(6) Notes–maybe I need to give myself a pep-talk, or set realistic parameters on impending deadlines. I am an avid note-taker, so more often than note, there is a need for a “notes” section.

Here’s to greater progress in press!

What would you do if you weren’t afraid?

This question is a powerful one for me because it liberates me from holding myself back. I have always considered myself to be a leader, but lately, haven’t been taking on the challenge of actually doing something about it. I’ve allowed myself, my ideas, and my emotions to become suppressed to the point of… fear. Fear of something better. Fear of being the best. Fear of being number 1 at what I do. No one else can do what I do because I define my own profession. I am the only one who has my exact research agenda, my exact teaching philosophy, my exact stance on the world, and on issues in mathematics education.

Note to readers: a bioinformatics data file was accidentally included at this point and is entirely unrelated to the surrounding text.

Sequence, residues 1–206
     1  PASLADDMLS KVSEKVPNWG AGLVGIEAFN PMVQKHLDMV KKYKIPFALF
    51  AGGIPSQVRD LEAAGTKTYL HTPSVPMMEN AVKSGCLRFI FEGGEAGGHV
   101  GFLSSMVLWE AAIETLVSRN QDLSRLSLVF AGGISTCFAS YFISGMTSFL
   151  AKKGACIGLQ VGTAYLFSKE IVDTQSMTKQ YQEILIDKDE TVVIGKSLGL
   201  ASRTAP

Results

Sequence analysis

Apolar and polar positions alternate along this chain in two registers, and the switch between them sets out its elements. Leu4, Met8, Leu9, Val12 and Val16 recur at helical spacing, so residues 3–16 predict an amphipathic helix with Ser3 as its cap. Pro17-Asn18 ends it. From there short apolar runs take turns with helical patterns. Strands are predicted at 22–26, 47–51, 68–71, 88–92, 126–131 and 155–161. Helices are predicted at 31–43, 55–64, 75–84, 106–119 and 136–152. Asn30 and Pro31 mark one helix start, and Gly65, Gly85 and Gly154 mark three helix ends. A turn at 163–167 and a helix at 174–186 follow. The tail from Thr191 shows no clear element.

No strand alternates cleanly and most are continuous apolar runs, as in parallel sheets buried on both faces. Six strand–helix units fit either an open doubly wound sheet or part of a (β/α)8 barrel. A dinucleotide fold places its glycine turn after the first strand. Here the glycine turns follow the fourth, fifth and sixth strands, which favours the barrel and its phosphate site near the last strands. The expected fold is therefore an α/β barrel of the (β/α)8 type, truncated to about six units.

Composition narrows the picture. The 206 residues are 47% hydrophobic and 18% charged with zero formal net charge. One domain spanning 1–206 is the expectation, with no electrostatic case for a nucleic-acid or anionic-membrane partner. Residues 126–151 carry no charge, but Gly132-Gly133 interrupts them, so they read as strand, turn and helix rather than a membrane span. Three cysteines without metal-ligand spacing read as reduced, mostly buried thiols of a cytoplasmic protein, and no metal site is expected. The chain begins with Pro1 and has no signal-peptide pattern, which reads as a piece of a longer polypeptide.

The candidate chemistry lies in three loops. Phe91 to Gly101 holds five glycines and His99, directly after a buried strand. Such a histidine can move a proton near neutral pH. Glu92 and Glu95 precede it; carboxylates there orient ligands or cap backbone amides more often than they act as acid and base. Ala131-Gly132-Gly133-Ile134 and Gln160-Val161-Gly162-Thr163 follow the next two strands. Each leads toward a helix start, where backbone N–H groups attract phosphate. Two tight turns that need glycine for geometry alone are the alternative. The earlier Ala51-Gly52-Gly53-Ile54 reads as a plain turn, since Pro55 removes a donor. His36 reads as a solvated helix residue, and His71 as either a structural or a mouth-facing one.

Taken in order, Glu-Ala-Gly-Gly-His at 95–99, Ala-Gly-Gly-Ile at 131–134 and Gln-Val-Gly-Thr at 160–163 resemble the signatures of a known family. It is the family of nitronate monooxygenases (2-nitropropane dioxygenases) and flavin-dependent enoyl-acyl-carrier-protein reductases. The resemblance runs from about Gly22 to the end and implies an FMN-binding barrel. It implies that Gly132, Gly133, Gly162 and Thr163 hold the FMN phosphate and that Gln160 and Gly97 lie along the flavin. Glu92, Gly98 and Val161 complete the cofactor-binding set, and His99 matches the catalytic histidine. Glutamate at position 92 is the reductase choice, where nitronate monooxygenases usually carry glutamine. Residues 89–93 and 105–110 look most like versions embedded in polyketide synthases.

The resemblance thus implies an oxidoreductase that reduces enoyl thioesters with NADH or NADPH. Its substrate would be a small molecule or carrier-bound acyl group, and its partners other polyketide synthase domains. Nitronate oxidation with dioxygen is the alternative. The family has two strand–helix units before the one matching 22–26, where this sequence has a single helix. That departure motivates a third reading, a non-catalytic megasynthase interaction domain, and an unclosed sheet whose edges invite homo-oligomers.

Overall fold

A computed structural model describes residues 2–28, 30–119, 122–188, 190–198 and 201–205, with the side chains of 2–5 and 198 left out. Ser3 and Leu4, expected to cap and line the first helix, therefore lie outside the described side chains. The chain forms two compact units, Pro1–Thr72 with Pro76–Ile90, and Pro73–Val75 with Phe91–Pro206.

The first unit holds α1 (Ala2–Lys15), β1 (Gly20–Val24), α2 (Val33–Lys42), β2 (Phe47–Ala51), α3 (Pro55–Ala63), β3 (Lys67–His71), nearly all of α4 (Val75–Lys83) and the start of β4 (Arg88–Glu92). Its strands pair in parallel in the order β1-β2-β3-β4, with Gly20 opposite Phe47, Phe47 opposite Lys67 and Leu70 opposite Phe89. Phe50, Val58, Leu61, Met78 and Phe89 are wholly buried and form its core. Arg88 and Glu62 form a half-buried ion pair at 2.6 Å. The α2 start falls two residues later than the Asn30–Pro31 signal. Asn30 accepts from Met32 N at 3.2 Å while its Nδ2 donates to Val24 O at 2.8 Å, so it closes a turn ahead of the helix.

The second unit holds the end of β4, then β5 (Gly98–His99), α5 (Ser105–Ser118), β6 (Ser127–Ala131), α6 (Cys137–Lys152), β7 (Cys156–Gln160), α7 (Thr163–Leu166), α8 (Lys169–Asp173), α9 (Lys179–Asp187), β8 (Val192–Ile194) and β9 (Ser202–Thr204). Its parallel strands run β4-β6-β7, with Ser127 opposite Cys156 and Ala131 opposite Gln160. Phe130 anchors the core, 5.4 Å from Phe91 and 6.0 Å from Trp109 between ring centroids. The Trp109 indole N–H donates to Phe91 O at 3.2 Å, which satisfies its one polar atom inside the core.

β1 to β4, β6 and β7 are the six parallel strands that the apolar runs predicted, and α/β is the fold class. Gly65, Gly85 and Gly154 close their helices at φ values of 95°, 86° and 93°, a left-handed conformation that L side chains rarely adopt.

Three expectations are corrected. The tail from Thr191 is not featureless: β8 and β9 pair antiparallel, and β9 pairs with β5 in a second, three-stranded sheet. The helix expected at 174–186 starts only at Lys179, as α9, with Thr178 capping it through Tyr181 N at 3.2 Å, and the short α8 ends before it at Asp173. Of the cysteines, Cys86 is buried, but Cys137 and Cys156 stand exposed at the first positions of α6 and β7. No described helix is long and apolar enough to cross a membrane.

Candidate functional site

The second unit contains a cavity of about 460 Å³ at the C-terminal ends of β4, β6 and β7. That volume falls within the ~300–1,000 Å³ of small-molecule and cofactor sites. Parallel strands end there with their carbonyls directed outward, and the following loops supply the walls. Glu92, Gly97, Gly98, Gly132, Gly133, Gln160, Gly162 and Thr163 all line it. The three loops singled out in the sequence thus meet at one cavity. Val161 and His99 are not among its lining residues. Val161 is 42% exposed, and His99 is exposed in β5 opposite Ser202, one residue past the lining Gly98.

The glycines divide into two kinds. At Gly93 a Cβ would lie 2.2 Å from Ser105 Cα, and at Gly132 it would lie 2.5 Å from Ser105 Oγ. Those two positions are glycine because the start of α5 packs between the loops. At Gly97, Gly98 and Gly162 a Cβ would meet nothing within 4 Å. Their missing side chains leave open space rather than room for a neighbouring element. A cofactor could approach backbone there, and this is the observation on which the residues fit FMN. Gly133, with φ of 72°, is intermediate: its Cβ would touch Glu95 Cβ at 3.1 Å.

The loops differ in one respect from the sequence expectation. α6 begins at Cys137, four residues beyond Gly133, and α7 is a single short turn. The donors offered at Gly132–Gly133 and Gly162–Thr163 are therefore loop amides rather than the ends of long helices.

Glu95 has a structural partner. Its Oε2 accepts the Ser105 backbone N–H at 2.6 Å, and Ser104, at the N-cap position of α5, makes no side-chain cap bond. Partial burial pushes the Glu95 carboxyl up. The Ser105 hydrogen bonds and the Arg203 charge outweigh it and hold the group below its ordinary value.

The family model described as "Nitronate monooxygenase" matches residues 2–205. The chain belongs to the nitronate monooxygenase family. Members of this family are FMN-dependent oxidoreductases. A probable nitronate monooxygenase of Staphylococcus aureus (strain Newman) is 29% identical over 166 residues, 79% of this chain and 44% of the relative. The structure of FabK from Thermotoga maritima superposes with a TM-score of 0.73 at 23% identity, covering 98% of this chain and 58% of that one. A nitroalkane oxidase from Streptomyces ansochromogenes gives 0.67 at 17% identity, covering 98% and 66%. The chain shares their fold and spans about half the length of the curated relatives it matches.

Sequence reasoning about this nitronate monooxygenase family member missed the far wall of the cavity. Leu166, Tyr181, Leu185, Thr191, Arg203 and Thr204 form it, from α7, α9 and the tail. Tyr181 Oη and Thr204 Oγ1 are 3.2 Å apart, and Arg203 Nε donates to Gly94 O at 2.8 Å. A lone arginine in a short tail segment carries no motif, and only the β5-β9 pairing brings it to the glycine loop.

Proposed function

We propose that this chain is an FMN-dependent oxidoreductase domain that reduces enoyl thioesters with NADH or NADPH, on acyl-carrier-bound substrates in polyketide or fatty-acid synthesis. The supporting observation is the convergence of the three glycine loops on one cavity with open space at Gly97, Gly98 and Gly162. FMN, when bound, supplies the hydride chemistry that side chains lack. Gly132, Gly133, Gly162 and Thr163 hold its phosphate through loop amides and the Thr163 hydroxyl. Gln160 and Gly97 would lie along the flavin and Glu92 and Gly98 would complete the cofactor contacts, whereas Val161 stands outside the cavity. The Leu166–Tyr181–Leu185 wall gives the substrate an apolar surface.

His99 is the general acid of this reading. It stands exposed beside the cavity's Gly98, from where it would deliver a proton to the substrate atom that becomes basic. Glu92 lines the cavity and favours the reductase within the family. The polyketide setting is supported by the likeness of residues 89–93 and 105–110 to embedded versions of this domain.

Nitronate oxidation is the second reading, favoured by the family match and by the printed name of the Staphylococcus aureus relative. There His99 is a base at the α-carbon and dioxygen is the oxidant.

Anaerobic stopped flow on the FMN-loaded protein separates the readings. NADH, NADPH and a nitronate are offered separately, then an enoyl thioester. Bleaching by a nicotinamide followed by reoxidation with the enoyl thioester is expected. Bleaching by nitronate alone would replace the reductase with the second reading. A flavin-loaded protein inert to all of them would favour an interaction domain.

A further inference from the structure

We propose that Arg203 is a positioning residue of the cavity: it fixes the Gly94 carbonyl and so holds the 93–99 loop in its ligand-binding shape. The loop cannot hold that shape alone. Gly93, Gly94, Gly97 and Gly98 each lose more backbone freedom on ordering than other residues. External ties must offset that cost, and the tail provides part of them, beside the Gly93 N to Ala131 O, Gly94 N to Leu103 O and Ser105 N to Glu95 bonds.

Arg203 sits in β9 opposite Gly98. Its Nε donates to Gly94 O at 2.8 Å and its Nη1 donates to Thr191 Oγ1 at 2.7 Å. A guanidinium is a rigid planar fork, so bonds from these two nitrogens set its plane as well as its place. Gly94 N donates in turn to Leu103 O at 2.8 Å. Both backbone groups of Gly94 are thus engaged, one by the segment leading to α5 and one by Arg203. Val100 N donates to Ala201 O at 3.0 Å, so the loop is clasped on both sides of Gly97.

This video is important for others to hear, too. Lean In.

In the Convening on Mathematics Education, held today and tomorrow (March 10-11) at the Friday Institute for Educational Innovation at North Carolina State University, one message was to “Speak up” “Let your voice be heard” “You, your story, is important for legislators to hear.” While this call to arms isn’t new, there is a different ring to it for me today. The call of other leaders is to do something about it. 

Just do it.